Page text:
The America’s Cup World Series is coming to San Diego.
The World Series racing in San Diego will run from November 12th – 20th, and the battle is fought with the amazing new AC45’s, a 45’cat specifically designed as the initial sailing vehicle leading to the 2013 America’s Cup itself. (The actual Cup will be sailed in the new AC72’s still in the design/construction stages.)
With nine teams competing, the first World Series event, held in Cascais, Portugal, featured outstanding match racing and truly amazing fleet racing. In the match races, boats competed in a series of round robin events, going head to head with every other boat in the fleet. The fleet racing pitted all nine teams going full out, often at speeds in excess of 20 knots, across the course.
In the new World Series format, the final day of the racing schedule brings out a “winner takes all” race, with the winner crowned the Series victor. In the 10 days prior to that final have been the match races, fleet races, and new to the Cup program, a speed trial for each boat across a closed course.
While each of the races in Cascais were very competitive, it was obvious that the smallest error can mean the difference between winning and losing. Every sailor on the boats has commented on how fast the boats are and what a challenge it is to actually sail them. Races can be won and lost on a slow tack or a poor starting position. Or, conversely, a boat which is behind at the start, can by getting the right wind, fly past a competitor who has read the wind shifts wrong. (This is a huge difference from the historic monohull America’s Cup racing where the start meant almost everything in the race.)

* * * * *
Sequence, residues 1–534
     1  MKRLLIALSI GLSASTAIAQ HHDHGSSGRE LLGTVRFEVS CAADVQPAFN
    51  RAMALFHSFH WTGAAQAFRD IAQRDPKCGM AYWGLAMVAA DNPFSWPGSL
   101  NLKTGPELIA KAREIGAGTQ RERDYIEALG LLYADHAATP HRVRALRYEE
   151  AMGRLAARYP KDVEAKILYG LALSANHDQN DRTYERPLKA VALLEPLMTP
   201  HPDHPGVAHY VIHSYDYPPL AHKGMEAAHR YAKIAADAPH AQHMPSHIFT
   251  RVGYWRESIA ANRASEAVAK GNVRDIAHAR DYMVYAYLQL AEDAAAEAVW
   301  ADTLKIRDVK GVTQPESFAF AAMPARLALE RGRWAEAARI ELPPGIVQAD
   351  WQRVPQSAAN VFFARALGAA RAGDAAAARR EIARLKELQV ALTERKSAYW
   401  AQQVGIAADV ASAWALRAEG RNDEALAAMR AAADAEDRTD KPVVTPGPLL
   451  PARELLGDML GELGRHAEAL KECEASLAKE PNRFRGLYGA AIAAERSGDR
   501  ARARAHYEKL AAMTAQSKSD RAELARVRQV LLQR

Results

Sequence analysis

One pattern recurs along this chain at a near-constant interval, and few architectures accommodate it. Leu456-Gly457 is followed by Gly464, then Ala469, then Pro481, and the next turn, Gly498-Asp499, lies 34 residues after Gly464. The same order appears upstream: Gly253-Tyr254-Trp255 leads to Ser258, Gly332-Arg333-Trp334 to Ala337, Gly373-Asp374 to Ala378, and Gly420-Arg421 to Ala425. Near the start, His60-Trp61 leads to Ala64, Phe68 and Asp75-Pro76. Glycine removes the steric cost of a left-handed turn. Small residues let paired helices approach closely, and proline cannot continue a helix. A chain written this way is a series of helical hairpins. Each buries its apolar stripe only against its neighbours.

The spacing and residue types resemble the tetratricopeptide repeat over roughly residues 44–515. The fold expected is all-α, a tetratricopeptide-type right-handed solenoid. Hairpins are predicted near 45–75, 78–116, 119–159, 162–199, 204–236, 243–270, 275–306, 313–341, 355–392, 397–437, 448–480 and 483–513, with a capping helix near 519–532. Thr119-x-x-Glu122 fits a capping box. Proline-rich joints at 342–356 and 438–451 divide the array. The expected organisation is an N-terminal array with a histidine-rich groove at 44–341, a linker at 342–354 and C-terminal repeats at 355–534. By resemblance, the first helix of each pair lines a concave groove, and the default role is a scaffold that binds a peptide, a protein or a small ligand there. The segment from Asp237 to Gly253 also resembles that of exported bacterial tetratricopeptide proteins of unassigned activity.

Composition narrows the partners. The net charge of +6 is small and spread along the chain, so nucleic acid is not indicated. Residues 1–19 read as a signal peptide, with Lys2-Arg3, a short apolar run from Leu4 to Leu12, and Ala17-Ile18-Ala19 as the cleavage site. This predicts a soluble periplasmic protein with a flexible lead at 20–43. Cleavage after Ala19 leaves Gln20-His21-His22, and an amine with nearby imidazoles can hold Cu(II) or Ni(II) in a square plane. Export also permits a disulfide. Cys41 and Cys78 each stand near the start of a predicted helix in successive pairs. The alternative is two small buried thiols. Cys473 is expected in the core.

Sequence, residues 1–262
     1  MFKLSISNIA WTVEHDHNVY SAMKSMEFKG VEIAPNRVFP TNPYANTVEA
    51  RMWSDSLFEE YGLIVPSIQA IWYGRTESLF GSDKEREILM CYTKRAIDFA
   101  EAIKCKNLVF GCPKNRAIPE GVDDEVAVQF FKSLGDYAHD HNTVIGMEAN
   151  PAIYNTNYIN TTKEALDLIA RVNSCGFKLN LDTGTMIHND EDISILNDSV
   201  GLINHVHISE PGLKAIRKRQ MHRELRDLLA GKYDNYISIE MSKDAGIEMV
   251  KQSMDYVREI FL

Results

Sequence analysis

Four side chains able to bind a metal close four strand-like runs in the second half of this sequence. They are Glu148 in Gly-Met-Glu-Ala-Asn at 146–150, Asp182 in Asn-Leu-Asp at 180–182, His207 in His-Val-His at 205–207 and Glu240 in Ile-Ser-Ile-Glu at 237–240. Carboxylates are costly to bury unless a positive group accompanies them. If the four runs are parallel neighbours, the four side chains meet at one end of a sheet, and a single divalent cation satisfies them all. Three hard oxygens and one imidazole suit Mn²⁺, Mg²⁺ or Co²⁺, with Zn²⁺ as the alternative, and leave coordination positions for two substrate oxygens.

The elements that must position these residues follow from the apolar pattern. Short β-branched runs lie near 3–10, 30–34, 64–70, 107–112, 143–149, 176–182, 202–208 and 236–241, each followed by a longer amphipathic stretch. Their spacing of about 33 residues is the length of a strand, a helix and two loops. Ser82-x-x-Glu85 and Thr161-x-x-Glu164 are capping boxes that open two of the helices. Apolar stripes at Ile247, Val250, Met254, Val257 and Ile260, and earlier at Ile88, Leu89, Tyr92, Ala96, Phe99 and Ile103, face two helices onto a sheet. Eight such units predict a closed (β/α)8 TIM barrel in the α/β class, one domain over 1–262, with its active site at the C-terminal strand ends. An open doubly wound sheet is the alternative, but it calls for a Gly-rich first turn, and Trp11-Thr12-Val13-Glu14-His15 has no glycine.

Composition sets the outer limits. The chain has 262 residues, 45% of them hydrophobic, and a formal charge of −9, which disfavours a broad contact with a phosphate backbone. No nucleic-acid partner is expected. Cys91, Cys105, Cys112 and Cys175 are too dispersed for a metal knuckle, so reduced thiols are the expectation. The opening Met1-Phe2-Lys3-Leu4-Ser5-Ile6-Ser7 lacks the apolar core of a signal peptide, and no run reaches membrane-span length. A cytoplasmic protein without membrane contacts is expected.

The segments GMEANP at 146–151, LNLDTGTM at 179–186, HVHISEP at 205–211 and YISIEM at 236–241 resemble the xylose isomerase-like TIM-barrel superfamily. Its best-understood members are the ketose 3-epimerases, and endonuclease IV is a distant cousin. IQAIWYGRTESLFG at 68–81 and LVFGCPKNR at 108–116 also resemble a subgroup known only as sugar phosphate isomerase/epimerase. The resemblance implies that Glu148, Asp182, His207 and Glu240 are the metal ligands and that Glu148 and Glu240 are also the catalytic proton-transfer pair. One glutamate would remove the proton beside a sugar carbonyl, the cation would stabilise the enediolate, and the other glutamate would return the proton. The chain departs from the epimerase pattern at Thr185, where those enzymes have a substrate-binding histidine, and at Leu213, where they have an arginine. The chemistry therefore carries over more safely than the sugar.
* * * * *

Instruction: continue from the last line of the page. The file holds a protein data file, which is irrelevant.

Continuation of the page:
The winning team in Cascais was Emirates Team New Zealand, winning the final “winner takes all” race. Every boat in the Series demonstrated the ability to win, which was amazing since several boats had been in the water for less than a month of training.
San Diego, the third stop on the World Series, will feature races around San Diego Bay, with most of the action very close to the shoreline. This means that these races will be visible to watchers throughout the bay, and will often be close enough to view without binoculars.
The San Diego Series will be the only one held on US soil during 2011, so it will be watched by hundreds of thousands of viewers. The team bases will be at the Navy Pier and the Broadway Pier. The America’s Cup Village will be along Harbor Drive. Prime spectator viewing areas will be along Harbor Island.
The teams are now in Plymouth, England prepping for the second of the World Series events. These will begin September 10th and run for 10 days. More information on the Plymouth Series can be found on the Cup’s website.
Good boating, and boat safely!